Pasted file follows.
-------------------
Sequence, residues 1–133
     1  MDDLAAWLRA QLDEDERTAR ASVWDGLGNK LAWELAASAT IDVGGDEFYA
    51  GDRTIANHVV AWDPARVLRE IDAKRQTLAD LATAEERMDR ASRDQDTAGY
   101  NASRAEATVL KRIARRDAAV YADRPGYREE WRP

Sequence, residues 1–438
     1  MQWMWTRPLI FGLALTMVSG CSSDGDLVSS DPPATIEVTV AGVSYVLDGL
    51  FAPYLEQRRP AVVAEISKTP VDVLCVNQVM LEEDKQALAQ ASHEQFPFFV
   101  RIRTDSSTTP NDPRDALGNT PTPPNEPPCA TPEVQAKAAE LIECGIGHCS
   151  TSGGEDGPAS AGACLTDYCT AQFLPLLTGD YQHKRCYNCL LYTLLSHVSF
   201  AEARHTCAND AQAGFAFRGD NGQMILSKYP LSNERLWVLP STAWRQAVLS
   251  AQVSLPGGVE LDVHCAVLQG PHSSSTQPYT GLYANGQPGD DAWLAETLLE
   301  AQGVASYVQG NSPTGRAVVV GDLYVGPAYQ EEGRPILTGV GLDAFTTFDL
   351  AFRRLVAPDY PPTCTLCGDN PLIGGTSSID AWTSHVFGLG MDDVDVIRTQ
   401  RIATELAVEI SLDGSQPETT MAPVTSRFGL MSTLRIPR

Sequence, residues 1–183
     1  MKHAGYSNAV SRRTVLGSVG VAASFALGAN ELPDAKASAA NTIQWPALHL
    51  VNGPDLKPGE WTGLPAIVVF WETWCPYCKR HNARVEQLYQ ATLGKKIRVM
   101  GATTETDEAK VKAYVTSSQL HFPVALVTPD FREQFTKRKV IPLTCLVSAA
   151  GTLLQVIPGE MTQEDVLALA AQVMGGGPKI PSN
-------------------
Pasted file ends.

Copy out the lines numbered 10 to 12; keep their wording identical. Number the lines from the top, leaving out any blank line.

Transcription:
   201  AEARHTCAND AQAGFAFRGD NGQMILSKYP LSNERLWVLP STAWRQAVLS
   251  AQVSLPGGVE LDVHCAVLQG PHSSSTQPYT GLYANGQPGD DAWLAETLLE
   301  AQGVASYVQG NSPTGRAVVV GDLYVGPAYQ EEGRPILTGV GLDAFTTFDL